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    I know that CeCe Moore refers to the children of 2 sisters marrying 2 brothers as “double first cousins.”

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That second article is is awesome. It certainly puts the kibosh on a certain someone who is trying to make a buck off claiming he’s related to everyone without bothering to find those connections.

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Debbie, you make an interesting point regarding US English v. English English. The OED definition of a half-cousin in full says “The child of one’s father’s or mother’s cousin; a second cousin. Sometimes applied to the child of one’s own cousin, or to the cousin of one’s father or mother.

So in current genealogical parlance, the OED considers a second cousin and a first cousin once removed to be the same thing! Oh dear.

To be fair, the OED tries to record usage as well as definition, and the word “sometimes” is the giveaway. I think they are saying that common usage (surely among non-genealogists!) considers the two to be the same.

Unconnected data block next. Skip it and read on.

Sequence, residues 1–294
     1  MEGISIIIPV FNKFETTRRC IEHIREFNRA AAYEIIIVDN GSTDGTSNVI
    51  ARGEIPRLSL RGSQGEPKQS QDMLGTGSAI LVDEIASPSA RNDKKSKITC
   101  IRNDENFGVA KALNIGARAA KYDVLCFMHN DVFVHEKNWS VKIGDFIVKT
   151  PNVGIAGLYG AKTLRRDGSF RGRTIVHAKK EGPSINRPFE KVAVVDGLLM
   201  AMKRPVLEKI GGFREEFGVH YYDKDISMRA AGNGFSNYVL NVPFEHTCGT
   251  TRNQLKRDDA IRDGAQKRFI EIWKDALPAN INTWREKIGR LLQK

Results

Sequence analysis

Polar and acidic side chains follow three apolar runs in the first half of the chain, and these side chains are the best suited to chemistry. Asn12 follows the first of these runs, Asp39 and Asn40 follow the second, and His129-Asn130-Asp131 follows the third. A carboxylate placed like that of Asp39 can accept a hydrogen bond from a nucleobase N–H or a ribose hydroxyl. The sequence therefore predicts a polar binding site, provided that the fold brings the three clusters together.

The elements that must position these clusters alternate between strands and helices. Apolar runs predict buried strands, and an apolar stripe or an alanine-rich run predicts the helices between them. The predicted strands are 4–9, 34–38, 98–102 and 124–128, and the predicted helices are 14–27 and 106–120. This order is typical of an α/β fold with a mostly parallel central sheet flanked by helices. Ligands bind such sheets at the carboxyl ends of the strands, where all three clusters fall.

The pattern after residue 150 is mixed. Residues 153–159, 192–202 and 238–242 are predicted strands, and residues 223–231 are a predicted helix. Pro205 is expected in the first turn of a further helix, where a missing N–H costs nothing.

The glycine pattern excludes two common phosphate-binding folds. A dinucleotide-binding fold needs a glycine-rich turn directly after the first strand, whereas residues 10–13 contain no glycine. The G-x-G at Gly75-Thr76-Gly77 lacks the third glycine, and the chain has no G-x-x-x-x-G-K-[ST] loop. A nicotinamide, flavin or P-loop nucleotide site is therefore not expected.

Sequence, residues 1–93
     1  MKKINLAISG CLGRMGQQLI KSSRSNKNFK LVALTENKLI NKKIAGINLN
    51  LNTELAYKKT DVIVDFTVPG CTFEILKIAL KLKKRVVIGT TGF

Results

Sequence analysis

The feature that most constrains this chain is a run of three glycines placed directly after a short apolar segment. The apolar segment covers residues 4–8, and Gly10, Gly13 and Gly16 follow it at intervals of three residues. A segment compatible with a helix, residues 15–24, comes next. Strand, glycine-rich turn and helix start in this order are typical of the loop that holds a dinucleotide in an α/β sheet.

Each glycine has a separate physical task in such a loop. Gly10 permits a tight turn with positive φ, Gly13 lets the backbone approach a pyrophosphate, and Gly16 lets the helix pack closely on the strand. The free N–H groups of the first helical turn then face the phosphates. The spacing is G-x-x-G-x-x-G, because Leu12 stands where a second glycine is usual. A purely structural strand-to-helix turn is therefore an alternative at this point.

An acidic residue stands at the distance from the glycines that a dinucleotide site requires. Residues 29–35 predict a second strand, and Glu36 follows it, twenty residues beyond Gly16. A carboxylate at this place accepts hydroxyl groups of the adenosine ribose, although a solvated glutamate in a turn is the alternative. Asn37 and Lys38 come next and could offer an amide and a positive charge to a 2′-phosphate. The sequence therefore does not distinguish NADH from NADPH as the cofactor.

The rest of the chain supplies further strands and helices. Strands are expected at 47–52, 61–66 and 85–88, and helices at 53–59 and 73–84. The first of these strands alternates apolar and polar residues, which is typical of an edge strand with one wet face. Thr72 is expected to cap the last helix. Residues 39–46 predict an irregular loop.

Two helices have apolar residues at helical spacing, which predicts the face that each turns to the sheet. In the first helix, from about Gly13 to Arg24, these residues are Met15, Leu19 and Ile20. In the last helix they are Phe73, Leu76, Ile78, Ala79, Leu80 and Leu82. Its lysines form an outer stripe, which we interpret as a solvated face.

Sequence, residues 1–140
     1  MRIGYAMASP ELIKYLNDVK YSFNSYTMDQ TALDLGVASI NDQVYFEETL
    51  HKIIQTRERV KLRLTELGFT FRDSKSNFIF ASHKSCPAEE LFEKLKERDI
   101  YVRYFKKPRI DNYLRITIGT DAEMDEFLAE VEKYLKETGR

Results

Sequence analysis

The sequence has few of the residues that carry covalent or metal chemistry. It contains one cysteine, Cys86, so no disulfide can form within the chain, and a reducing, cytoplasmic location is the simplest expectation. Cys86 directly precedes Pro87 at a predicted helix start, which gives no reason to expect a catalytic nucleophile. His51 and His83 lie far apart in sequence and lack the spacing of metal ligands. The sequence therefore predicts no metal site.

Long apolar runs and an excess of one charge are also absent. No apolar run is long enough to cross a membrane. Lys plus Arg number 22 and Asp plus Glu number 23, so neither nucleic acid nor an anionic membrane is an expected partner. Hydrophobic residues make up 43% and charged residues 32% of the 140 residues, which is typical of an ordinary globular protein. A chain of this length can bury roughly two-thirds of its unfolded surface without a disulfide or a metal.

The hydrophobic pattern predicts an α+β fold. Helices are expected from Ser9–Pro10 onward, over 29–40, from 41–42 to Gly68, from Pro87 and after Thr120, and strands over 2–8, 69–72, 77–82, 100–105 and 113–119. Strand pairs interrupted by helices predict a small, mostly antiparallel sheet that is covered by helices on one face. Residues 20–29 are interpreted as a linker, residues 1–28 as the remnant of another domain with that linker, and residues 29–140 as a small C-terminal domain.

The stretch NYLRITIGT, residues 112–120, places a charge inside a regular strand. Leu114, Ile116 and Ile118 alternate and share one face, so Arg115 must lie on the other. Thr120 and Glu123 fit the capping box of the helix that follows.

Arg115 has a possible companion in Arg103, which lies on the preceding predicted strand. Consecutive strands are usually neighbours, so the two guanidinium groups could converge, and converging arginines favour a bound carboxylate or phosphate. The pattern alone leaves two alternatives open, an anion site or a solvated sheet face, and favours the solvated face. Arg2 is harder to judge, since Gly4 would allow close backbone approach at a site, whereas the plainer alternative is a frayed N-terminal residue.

In any case, this is not the same as the half-cousinship under discussion. It seems that both Black and the OED need updating for the 21st century.

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Sorry, Dick, but you are absolutely wrong.
The legal definition of cousin has its roots in inheritance law where one is identifed with a marker as to your rights to an inheritance of assets FROM A SINGLE PERSON who has died.
Genealogy concerns itself with how we are descended FROM AN ANCESTRAL COUPLE.
Black’s Legal Dictionary definition has absolutely NOTHING to do with genealogy’s description of relationships,
Children of half-siblings are HALF-COUSINS. They only share ONE-HALF of an ancestral couple, not a whole couple. They only share HALF the blood that a full cousin does.
I suggest you reconsider your position.

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    This appears to be one of the best and most appropriate comments. – why the legal definition of a cousin can differ from a genealogical one. If the term ‘half-brother’ or half-sister’ is appropriate, and accurate, why not half-cousin’? I don’t usually disagree with Dick, but this time I think “Ris” hit the nail on the head.